Published: Thu, October 04, 2018
Worldwide | By Lisa Hogan

White House defends Trump after he mocks Kavanaugh sex assault accuser

White House defends Trump after he mocks Kavanaugh sex assault accuser

Senate Majority Leader Mitch McConnell followed through late Wednesday in setting up a Friday vote to limit debate on Brett Kavanaugh's Supreme Court nomination. Their votes will likely decide whether he is confirmed.

While trying to round up votes on his side, McConnell has also taken sharp aim at Democrats, accusing them of trying to "move the goal posts" on Kavanaugh's confirmation fight by suggesting that Friday would be too soon for a key vote on him. For example, Republicans will spend an hour with the report from 8 a.m. until 9 a.m. Thursday, then Democrats will have an hour with the report. She would not say if they would affect her vote. And once that report lands, few may see it: Republicans plan to lock it in a safe, restricting its distribution and making senators view the report in a secure meeting - dive into the nitty-gritty on the report, if you'd like. And because the report is confidential, they will be expected not to repeat what they learn.

The senator said he was requesting the recordings because the committee has obtained a letter that "raises specific concerns" about the reliability of Ford's polygraph test. It remains to be seen what kind of light the Federal Bureau of Investigation can shed the claims against Kavanaugh, but one thing is already clear: Many Senate Democrats won't be satisfied with the narrow scope of the probe.

With it almost in hand, Mr. McConnell filed a motion to limit the debate, setting up a filibuster vote on Friday.

Sen. Lindsey Graham defended President Donald Trump's mocking of Christine Blasey Ford, arguing that it was less degrading than how some Democrats responded to accusations against Bill Clinton.

Murkowski, on the other hand, told reporters in response that "I am taking everything into account". "You're not helping", Trump ally Sen. The FBI also talked to two other friends of Kavanaugh's who were listed as attending a gathering during the same summer that Ford alleged she was assaulted: Chris Garrett, who went out with Ford for a time, and Tim Gaudette.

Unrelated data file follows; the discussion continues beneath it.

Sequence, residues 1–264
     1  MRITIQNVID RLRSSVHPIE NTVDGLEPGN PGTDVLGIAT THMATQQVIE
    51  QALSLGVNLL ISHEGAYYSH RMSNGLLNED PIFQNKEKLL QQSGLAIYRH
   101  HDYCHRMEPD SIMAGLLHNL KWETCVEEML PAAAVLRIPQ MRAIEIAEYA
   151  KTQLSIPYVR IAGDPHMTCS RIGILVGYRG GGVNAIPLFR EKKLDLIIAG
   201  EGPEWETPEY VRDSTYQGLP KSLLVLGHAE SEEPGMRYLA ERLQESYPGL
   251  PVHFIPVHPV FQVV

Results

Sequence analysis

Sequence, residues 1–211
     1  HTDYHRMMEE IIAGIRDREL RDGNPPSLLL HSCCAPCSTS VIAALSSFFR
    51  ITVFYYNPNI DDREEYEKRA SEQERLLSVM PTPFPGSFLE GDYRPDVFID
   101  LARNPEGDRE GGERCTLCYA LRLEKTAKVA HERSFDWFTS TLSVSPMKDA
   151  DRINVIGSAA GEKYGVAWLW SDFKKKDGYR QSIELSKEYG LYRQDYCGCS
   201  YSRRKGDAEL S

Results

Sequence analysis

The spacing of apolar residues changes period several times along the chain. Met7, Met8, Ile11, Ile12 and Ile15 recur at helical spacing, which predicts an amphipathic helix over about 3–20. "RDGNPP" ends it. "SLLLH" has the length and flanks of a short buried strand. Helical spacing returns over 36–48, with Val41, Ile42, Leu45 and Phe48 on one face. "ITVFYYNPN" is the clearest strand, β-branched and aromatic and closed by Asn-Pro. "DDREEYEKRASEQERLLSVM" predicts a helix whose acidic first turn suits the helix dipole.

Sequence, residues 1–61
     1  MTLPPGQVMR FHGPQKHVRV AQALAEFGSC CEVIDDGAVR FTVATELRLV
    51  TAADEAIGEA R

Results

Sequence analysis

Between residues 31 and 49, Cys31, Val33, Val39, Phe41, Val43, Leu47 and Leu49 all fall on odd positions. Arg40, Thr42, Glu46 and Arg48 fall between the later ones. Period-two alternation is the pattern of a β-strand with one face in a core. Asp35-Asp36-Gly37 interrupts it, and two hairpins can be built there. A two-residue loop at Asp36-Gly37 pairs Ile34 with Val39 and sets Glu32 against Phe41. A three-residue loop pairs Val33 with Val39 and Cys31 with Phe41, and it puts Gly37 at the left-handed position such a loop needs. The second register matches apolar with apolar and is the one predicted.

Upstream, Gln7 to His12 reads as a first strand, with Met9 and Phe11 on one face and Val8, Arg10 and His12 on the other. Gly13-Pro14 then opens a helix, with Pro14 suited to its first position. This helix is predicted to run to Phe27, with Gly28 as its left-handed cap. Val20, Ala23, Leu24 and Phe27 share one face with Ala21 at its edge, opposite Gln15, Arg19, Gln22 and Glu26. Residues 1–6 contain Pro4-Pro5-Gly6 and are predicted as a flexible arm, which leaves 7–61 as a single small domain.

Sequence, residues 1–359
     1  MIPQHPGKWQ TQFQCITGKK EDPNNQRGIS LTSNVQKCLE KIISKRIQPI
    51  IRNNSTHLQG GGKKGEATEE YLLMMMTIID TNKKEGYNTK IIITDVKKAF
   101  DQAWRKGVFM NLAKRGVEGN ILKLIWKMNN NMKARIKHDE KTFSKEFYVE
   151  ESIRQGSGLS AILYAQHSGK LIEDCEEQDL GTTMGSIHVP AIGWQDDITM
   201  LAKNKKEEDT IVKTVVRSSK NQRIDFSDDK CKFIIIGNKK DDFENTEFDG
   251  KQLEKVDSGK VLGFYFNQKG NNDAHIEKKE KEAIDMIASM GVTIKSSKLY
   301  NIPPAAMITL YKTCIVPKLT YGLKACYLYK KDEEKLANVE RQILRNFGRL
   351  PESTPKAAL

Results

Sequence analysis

It is not clear what, if any, of the material will be made public.

Background checks are routine in a nominee's vetting process and are generally delivered to the Senate without much fanfare.

A recent Quinnipiac poll put Kavanaugh's support at 84 percent among Republicans, including 86 percent among GOP women.

Democrats wrote to Senate judiciary committee chair Chuck Grassley, an Iowa Republican, challenging a Tuesday tweet by Republican aides saying prior investigations never found "a whiff of ANY issue - at all - related in any way to inappropriate sexual behavior or alcohol abuse".

"The committee stands by its statement, which is completely truthful, " the committee Republicans said.

About two hours after Flake's appearance, Collins also took exception to Trump's remarks, telling reporters, "The president's comments were just plain wrong". One of his most vociferous supporters, South Carolina Republican Sen.

"There is no time and no place for remarks like that, but to discuss something this sensitive subject at a political rally is just not right", he said on NBC's Today Show. Bob Corker of Tennessee, who has traded barbs with Mr. Trump and will retire at year's end.

"This vile, mocking attack on a credible, immensely powerfully eloquent survivor of sexual assault is a mark of disrespect and disregard not only for Dr. Blasey Ford but the entire survivor community", he told CNN's "New Day" host Alisyn Camerota.

Imitating Ford, he added, "But I had one beer - that's the only thing I remember".

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